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The effect of roads on bats in the UK: a model for evidence based conservation

Berthinussen, Anna (2013) The effect of roads on bats in the UK: a model for evidence based conservation. PhD thesis, University of Leeds.

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Abstract

Despite their protected status, little research has been done into the effects of roads on bats or the effectiveness of current mitigation practice. We conducted broadband acoustic surveys on 20 walked transects perpendicular to two major roads in the UK, the M6 in Cumbria, and the M5 in Somerset. Bat activity and habitat variables were recorded at different distances from the road, and the relationship between these variables were investigated using generalised estimated equations (GEE), and ordinal logistic regression. Total bat activity and the activity of Pipistrellus pipistrellus (the most abundant species) were positively correlated with distance from both roads, although the magnitude of the effect was greater by the M6. Distance from the road was positively correlated with the number of bat species by the M6 only. Higher quality habitat surrounding the M5 may have reduced the negative road impacts. The use of direct sampling to collect acoustic data revealed a greater road effect than time expansion methods, which is likely due to increased accuracy through continuous sampling and a larger dataset. Three underpasses and four wire bat gantries were investigated in northern England using echolocation call recordings and observations. The bat gantries were ineffective and used by a very small proportion of bats. Only one underpass located on a pre-construction commuting route could be considered to be effective, and attempts to divert bats were unsuccessful. Further research should focus on crossing structures built on original bat commuting routes, such as underpasses and green bridges. We suggest an integrated approach to mitigation, combining crossing structures and habitat improvements. New crossing structures need to be developed and tested, given the poor success of current structures. Robust pre- and post-construction monitoring using a standardised methodology is essential to assess the effectiveness of mitigation schemes and build an evidence-base for successful conservation.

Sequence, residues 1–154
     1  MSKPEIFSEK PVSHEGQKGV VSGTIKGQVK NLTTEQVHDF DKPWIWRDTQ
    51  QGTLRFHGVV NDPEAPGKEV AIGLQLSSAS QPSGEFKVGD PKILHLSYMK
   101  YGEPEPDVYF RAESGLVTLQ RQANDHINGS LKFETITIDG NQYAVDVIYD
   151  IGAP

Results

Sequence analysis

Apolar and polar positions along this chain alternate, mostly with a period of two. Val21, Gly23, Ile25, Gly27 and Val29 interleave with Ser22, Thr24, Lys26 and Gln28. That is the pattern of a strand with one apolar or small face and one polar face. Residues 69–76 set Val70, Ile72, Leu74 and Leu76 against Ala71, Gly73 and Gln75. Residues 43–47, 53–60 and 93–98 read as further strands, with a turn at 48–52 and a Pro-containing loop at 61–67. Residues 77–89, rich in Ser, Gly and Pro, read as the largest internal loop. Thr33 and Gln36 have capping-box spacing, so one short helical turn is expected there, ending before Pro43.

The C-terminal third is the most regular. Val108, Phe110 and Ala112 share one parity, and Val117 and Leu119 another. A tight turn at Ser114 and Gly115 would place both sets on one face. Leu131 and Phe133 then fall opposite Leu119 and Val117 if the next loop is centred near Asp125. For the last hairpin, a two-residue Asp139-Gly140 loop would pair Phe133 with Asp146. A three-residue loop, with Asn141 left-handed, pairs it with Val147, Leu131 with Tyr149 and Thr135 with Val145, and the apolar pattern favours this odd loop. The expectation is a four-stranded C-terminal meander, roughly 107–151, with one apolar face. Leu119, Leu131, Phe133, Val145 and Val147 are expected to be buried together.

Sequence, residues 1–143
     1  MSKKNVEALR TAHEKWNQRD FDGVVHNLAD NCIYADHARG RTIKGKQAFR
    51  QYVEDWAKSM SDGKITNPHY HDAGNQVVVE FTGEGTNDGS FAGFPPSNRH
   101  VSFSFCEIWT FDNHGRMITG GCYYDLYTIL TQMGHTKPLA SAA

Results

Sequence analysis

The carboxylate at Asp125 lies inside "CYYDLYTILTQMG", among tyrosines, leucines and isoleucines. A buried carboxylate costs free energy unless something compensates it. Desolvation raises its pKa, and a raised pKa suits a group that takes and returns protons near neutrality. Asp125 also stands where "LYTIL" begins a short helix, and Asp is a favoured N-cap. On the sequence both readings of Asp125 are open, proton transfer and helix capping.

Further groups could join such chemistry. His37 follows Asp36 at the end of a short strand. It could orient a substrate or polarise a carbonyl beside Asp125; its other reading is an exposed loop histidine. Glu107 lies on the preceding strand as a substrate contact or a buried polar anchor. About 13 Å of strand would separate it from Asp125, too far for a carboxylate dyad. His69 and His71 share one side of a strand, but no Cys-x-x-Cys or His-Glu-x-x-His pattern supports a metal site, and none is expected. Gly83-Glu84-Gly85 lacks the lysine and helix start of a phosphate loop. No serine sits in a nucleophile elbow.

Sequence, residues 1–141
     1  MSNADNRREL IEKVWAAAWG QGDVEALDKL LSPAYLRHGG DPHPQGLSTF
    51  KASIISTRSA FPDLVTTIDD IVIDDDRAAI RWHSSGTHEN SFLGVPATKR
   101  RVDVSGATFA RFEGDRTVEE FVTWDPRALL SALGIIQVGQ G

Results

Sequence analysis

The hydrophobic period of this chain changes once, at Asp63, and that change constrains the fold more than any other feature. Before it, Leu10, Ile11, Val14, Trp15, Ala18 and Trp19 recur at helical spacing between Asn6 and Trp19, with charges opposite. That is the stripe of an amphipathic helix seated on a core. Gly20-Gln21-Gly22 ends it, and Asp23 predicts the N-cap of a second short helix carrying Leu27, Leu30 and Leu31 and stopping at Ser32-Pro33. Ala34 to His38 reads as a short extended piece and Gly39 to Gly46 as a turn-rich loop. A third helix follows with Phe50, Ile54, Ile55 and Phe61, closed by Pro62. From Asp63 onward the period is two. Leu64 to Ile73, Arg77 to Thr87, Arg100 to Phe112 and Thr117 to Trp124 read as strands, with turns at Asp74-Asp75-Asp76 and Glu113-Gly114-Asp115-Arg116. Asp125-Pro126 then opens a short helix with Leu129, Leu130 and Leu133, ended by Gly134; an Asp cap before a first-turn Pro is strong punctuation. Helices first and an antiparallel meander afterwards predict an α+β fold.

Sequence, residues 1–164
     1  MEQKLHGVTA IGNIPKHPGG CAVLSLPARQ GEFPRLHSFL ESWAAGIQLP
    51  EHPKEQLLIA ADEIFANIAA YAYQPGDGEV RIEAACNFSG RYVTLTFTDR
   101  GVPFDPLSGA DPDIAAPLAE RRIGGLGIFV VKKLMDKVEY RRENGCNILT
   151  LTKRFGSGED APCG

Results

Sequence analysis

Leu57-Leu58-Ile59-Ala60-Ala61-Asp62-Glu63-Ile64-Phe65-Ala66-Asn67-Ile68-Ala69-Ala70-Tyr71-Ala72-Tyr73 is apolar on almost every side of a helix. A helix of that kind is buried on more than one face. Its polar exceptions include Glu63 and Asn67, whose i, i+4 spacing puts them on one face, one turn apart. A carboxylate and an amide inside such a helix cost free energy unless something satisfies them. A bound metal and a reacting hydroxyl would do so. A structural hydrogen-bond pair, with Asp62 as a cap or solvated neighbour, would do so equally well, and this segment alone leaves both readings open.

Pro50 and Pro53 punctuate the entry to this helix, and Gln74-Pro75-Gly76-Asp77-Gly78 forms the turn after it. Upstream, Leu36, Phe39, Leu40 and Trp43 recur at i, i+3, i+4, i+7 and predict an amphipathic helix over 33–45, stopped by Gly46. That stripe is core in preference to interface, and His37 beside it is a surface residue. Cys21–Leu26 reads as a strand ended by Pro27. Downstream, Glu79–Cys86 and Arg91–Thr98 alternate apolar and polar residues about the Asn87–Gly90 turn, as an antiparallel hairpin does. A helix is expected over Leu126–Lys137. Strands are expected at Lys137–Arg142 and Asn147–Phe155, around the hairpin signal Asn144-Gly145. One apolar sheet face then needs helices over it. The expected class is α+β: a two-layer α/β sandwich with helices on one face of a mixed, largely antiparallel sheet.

Item Type: Thesis (PhD)
ISBN: 978-0-85731-519-9
Academic Units: The University of Leeds > Faculty of Biological Sciences (Leeds)
Identification Number/EthosID: uk.bl.ethos.595147
Depositing User: Repository Administrator
Date Deposited: 28 Feb 2014 11:35
Last Modified: 25 Nov 2015 13:41
URI: http://etheses.whiterose.ac.uk/id/eprint/5293

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